Freeze Frames: The Monitor Movie Guide
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** Not long after she begins a happy married life, a deeply religious woman's new husband becomes severely disabled and asks her to start relationships with other men. Lars von Trier's drama poses complicated moral questions, leaving the audience to decide whether the wife is engaging in noble self-sacrifice or allowing unhealthy impulses to rule and ruin her life. Unfortunately, the film is more successful at setting up ethical conundrums than at profitably exploring them. Robby Mller did the striking cinematography, using the unusual combination of wide-screen format and hand-held camera work. V S N PSkip to next paragraph
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*** Jarring, eerie, a movie that isn't easily forgotten.
THE ENGLISH PATIENT (R)
** Badly wounded in World War II, a pilot attempts to recover under the care of a sensitive nurse while remembering his wartime experiences and his earlier involvement with another woman. Told through persuasive performances and stunning camera work, the sweeping story shows how pressures of war may shake up conventional notions of loyalty, integrity, and even identity itself. But the film doesn't gather the emotional momentum that would make it compelling as well as impressive. Ralph Fiennes, Juliette Binoche, Willem Dafoe, and Kristin Scott Thomas head the cast. Directed by Anthony Minghella. S V N P
*** Profound, engaging, beautiful cinematography.
FOOLS RUSH IN (PG-13)
*A yuppie from New York spends a night with a Latina from Las Vegas, marries her when she announces she's pregnant, and then faces the huge differences in their habits, backgrounds, and lifestyles. Andy Tennant's featherweight comedy is clearly pitched at the date-movie crowd, and couples may enjoy it if they can get past the picture's simplistic ethnic stereotypes and its willingness to wish away every real-life family problem the characters will surely face after the feel-good finale. Matthew Perry and Salma Hayek star. S V P
*** Funny, heartwarming, entertaining.
*** The most ambitious screen version of Shakespeare's most celebrated tragedy, shown in a dazzling big-screen format and featuring an all-star cast. Kenneth Branagh's acting and directing are equally immodest, but he keeps the action hopping at a lively pace. Most noteworthy in supporting roles are Derek Jacobi as the king, Kate Winslet as Ophelia, the wonderful Julie Christie as Gertrude, and Billy Crystal as the gravedigger. Other familiar faces, from Robin Williams and Jack Lemmon to Charlton Heston and Gerard Depardieu, are pretty much wasted. S N V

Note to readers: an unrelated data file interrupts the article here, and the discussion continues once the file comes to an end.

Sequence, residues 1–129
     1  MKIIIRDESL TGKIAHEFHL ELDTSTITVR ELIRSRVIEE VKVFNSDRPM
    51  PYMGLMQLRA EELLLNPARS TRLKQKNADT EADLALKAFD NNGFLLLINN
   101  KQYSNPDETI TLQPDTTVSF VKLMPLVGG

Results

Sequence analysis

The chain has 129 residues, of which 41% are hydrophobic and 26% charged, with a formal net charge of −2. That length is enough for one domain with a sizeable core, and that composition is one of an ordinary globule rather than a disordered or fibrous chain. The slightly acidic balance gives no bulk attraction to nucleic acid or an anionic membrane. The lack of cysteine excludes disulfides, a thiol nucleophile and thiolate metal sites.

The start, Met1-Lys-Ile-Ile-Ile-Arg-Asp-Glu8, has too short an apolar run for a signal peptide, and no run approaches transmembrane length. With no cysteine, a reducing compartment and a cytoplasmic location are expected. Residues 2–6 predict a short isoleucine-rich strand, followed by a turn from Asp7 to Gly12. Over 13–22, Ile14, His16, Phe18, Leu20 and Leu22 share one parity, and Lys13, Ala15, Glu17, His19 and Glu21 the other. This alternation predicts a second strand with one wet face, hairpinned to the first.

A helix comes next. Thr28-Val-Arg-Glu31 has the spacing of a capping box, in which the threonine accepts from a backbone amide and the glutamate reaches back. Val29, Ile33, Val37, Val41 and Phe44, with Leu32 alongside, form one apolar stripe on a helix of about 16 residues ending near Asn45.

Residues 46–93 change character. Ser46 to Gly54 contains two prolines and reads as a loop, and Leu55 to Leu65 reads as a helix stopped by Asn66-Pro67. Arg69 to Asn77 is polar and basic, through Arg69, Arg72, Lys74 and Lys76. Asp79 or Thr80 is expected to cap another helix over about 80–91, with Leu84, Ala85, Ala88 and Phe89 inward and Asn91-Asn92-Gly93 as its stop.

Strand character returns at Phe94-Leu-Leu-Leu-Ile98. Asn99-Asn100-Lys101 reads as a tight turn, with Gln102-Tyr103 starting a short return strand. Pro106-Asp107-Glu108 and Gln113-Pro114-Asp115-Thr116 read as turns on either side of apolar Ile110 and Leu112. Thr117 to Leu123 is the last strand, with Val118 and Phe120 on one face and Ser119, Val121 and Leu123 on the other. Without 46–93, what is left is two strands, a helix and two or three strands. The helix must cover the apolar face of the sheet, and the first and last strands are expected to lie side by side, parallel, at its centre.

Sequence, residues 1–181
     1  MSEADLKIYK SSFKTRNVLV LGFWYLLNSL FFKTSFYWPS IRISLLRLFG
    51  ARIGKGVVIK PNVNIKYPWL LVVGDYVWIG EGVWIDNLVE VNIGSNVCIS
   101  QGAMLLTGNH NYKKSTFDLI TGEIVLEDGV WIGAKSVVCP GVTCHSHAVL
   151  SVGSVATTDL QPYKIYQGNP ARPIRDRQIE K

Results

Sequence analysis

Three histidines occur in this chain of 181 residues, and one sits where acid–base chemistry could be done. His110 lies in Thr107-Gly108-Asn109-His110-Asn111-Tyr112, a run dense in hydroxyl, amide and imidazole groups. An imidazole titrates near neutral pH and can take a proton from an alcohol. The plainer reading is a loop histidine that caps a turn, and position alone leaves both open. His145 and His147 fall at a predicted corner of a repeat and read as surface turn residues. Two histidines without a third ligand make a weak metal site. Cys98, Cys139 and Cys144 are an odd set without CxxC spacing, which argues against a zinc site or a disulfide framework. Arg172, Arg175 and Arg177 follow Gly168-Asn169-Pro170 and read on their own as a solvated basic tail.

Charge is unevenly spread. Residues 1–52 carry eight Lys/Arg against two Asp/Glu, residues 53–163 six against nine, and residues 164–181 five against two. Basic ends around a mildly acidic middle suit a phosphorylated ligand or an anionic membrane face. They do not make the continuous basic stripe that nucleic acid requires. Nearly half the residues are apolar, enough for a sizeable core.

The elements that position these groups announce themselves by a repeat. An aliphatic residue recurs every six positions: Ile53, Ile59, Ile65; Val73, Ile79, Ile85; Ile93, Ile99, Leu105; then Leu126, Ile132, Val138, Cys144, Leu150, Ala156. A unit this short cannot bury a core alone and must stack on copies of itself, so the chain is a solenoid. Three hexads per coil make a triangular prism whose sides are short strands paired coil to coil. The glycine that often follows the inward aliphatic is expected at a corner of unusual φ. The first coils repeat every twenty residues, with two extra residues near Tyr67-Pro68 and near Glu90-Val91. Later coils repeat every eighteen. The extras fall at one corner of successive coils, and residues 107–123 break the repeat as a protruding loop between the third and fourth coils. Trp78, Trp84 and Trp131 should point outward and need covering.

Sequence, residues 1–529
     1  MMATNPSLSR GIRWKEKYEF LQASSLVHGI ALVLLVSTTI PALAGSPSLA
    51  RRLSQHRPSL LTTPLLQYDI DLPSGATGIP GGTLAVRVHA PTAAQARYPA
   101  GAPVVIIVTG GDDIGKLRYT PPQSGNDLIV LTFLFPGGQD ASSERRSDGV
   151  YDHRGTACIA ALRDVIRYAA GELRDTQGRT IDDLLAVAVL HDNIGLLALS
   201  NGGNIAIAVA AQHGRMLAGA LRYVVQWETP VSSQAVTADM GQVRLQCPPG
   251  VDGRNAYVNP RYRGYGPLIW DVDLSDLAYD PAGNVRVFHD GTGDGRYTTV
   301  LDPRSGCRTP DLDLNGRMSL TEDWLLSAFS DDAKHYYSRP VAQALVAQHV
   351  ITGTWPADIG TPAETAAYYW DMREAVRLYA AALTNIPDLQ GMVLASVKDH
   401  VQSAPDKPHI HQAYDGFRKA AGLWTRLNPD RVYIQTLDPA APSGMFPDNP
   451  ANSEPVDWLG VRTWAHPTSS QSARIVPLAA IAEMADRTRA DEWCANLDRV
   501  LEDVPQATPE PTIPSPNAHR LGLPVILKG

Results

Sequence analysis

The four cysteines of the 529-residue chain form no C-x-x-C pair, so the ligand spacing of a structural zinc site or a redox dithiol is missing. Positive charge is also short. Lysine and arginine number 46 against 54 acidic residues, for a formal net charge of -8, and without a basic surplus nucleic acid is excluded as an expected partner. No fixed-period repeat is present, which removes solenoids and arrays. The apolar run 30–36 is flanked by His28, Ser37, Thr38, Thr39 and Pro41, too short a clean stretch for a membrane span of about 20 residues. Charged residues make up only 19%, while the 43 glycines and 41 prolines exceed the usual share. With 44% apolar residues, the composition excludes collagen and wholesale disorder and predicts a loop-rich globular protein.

**** Riveting, exquisite, well-directed.
JERRY MAGUIRE (R)
** An athletics agent tries to start his own company after losing his job, and learns a lot about human decency from a family-loving football player who stays loyal to him. The movie takes a refreshing stance in favor of family life, but the repetitious story moves erratically and runs on too long. Tom Cruise and Cuba Gooding Jr. are fine as the agent and client, and Rene Zellweger is better yet as the hero's new girlfriend. Contains foul language and a very explicit sex scene. S P V N
*** Laugh-out-loud humor, action-oriented, gives viewer a window into the sports business.
*** Not long before the fall of the Soviet bloc and the Velvet Revolution in Czechoslovakia, a middle-aged Czech musician agrees to a marriage of convenience with a Russian woman, then finds himself caring for her five-year-old son after she unexpectedly leaves the country. This thoughtful comedy-drama demonstrates how difficult it is to draw lines between the personal and political in the rapidly changing modern world. Directed by Jan Sverak from a screenplay by his father, Zdenek Sverak, who plays the leading role. N S P
*** Moving, endearing, film does good job of weaving in Czechoslovakian context.
LOST HIGHWAY (R)